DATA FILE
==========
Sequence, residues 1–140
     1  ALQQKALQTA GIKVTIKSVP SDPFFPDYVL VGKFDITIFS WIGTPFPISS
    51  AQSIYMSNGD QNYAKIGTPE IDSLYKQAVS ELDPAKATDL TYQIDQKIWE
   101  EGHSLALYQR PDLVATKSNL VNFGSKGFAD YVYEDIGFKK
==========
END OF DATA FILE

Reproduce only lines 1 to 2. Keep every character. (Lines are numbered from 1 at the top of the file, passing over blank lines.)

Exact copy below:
Sequence, residues 1–140
     1  ALQQKALQTA GIKVTIKSVP SDPFFPDYVL VGKFDITIFS WIGTPFPISS